A better tie-in arrives upon closer inspection of the primary team logo, which features a buffalo in profile. (I know, it’s technically a bison, but bringing up that faulty cornerstone could wreak utter destruction in Orchard Park, so we won’t go there). The bison, er buffalo, is ringed with seven stars and a single crown. (Does anybody else love it when different pro sports teams in the same city share the same mascot?)
Here again, some research was required for a deeper understanding. Since Buffalo is nicknamed the “Queen City,” the crown is a perfect fit (sorry, bad pun). But the seven stars had me scratching my head a little (and maybe they still do). The only tie-in I could find is a bit of a stretch, but Terry Pegula, the team owner, also owns a stake on the NHL Sabres. He has great respect for their well-loved team superstar Rick (Rico) Martin who tragically passed away in 2011, and who happened to wear the number 7. His number was retired in Martin’s honor, so perhaps that is the symbolism of the seven stars? I could be wrong, but it’s my best guess. Feel free to let us know if you have a better explanation!
In any case, the design of the buffalo, and the stars and crown create a nice series of logo elements that are comfortably placed above the word “Beauts.” The font is a sport-style script and works well, aside from an inconsistent spacing between the “B” and “e” letterforms (don’t get me started on the lack of kerning awareness prevalent today).
The Beauts color palette is a series of vibrant blues to contrast the black and white logo. Their primary uniforms are striking and easily identifiable. And the use of black and blue overall makes for a pretty cool on-ice visual identity (sorry, the puns keep sneaking out of me whether I like it or not).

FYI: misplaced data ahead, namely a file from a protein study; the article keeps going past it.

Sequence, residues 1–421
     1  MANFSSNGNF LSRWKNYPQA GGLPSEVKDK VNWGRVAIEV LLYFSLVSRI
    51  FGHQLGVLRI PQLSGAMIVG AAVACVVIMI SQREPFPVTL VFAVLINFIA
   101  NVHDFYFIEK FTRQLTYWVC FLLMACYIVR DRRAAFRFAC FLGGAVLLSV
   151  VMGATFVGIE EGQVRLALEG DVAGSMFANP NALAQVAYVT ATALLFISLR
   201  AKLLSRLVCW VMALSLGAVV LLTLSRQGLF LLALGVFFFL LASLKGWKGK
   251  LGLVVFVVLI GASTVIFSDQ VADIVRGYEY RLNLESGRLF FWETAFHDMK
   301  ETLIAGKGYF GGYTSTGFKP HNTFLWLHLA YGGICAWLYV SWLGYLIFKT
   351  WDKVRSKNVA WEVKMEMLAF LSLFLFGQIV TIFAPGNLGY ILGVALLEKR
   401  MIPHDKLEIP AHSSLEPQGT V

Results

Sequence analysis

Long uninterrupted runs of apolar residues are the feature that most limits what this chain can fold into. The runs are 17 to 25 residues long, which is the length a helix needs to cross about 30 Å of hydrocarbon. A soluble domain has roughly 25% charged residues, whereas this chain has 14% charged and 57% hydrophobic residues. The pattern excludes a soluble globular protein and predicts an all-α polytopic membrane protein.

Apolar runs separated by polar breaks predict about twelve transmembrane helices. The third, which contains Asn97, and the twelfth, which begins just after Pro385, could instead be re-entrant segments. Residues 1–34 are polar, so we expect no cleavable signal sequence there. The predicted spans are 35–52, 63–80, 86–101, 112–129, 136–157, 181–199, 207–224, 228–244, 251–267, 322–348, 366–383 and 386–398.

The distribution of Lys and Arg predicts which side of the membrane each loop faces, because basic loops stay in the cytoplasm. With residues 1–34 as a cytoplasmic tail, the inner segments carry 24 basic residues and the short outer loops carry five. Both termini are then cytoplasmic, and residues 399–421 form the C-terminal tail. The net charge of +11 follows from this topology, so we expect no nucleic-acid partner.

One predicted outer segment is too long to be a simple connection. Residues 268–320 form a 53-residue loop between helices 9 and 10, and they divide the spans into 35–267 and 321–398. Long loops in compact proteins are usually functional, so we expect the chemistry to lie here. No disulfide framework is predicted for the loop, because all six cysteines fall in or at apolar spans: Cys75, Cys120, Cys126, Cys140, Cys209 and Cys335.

Aside from the obvious and positive copying of the iconic NHL Hartford team name and color scheme, the team decided to embrace the name Whale, in that enigmatic singular team naming phenomenon. The singular use for names like Lightning, Wild, Avalanche, Kraken, typically works best when the plural of the name is either non-existent or cumbersome. Whale is neither, so it adds a trendy element to the identity that is a bit questionable.
The Whale logo disappoints on a few levels. First, the large “C” is reminiscent of the Chicago Bears/Cubs lettermark, with little design nuance. Second, the small whale, whose gently smiling mouth is created in the shape of an itty-bity hockey stick (visible only in very large applications of the logo) is plopped inside the “C” with no attempt at cohesion. The overall tone of the identity is more placid than fierce, which is a shame considering the potential for a much more memorable and aggressive design.
The Whales’ uniform (excuse me, the Whale uniform), is nicely designed, especially in the away color version. Here the whale is shown in white against the green jersey. Whether this is an attempt to emulate Melville’s White Whale is probably a longshot, but it’s another potential identity element that could have been explored. Overall ice presence (although I didn’t have a chance to watch any of their games) seems strong and saves what could otherwise have been failing marks.
The New York team name is a great pick, giving recognition to the famous WWII-era “Rosie the Riveter” mascot. For me, it also conjures up visions of steel-girdered skyscrapers and their death-defying, tightrope-walking construction workers. Grit and toughness personified.
The Riveters logo is a bit less impressive, however. It mimics the classic Rosie flex-pose complete with hair scarf and clenched first, but the style of the design is a bit plain and uninspiring. The Riveters type is constructed to appear as a series of riveted steel panels, but the detailing is way too subtle, and the size and placement of the rivets is questionable. A nice concept poorly executed (which is fairly common in branding for smaller leagues).
The colors are patriotic red and blue with a cream color used for Rosie’s arm and face. Overall, it’s a simple adaptation of the easily recognizable American home front hero, but it doesn’t quite capture or enhance the potential of Rosie as their mascot.